The Great Replacement Theory was concocted by Sen. Theodore Bilbo (D-Miss.), a virulent racist and antisemite who called for deporting Black Americans to Africa in his 1947 book “Separation or Mongrelization: Take Your Choice.” He argued that the white race was in danger of being replaced by inferior mixed-race people (whom he referred to as “mongrels”) and warned that whites could disappear due to “interbreeding” with Blacks.
The latest nonsensical version of this theory, cited by the Buffalo gunman, claims that white people are being “replaced” by immigrants of color in a conspiracy orchestrated by Jews.
The bottom line is that America is a nation of immigrants (only about 2% of our population is Native American) that will always be populated by people of different races, ethnicities, religions, sexual orientations, gender identities and political views. This diversity is our nation’s strength, not our weakness.
We can’t force our fellow Americans to love each other. But at a minimum, we need to do everything possible to stop them from hating each other, and above all from harming and killing each other. Our schools, religious institutions, businesses and other organizations need to join with politicians, the media and social media companies in this vital task.
As part of the effort to reduce racism and other forms of hatred, we need to acknowledge that such prejudice has existed throughout American history and still exists today. The movement by some Republicans to ban teaching the truth about American bigotry, which they incorrectly label as a campaign against “critical race theory,” is harmful because it is impossible for the younger generation to fix a problem unless they understand it exists.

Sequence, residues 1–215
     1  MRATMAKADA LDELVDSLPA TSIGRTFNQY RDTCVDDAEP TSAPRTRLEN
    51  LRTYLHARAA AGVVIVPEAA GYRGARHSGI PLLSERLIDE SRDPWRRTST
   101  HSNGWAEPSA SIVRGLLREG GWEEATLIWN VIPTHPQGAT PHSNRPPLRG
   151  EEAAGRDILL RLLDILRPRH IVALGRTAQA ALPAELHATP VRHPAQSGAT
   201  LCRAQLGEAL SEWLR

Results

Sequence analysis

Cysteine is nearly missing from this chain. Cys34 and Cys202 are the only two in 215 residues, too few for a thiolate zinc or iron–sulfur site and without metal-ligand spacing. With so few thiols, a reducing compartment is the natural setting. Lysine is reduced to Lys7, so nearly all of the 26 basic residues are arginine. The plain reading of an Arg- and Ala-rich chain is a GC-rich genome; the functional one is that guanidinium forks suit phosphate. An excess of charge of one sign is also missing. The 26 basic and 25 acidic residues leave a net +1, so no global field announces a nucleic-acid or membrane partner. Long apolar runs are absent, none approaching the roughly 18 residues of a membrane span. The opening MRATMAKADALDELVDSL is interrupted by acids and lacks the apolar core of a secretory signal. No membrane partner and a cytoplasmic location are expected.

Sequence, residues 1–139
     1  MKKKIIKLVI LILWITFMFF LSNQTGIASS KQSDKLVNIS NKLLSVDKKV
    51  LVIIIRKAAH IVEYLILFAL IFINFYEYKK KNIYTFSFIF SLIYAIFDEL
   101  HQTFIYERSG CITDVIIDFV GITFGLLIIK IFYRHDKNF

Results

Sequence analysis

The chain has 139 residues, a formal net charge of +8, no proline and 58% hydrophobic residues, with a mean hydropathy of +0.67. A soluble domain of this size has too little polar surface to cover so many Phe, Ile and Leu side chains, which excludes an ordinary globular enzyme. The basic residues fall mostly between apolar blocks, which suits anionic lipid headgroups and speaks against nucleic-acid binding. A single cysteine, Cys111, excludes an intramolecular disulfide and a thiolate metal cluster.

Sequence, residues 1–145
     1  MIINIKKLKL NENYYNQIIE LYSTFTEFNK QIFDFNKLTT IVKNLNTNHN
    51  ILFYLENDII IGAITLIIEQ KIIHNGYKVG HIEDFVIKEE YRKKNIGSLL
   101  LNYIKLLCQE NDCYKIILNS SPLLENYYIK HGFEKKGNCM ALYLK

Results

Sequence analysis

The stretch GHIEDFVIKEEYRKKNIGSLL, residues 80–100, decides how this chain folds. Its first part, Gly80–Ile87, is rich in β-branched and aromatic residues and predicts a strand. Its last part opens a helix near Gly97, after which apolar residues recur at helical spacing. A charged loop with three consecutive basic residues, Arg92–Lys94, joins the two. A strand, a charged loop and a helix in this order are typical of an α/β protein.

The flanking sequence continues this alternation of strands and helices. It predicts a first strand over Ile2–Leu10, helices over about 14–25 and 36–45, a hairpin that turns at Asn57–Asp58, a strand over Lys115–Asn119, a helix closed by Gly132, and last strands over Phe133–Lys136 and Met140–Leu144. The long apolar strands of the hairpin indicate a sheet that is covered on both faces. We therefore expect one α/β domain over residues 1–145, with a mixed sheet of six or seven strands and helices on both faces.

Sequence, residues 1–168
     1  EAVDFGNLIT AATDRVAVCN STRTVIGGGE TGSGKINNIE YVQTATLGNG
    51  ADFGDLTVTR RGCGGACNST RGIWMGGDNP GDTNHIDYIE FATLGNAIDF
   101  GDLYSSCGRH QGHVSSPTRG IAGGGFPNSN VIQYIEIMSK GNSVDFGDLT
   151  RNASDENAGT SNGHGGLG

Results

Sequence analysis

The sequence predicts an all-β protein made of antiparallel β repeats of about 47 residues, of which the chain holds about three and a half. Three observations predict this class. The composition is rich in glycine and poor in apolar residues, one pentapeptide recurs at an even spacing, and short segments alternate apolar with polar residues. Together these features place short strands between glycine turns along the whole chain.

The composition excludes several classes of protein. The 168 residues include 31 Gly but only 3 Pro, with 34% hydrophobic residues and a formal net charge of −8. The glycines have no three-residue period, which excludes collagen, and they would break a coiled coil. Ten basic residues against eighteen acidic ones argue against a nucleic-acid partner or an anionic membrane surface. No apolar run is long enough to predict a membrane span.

We will never be able to bring back the murder victims killed in Buffalo and in other hate crimes. The best we can do is work together to lessen the hatred that so dangerously divides us and claimed their lives.
Donna Brazile is an ABC News Contributor, veteran political strategist, an adjunct professor at Georgetown University, and the King Endowed Chair in Public Policy at Howard University. She previously served as interim Chair of the Democratic National Committee (DNC) and of the DNC’s Voting Rights Institute. She managed the Gore campaign in 2000 and has lectured at more than 225 colleges and universities on race, diversity, women, leadership and restoring civility in politics. Brazile is the author of several books, including the New York Times’ bestseller “Hacks: The Inside Story of the Break-ins and Breakdowns That Put Donald Trump in the White House.” @DonnaBrazile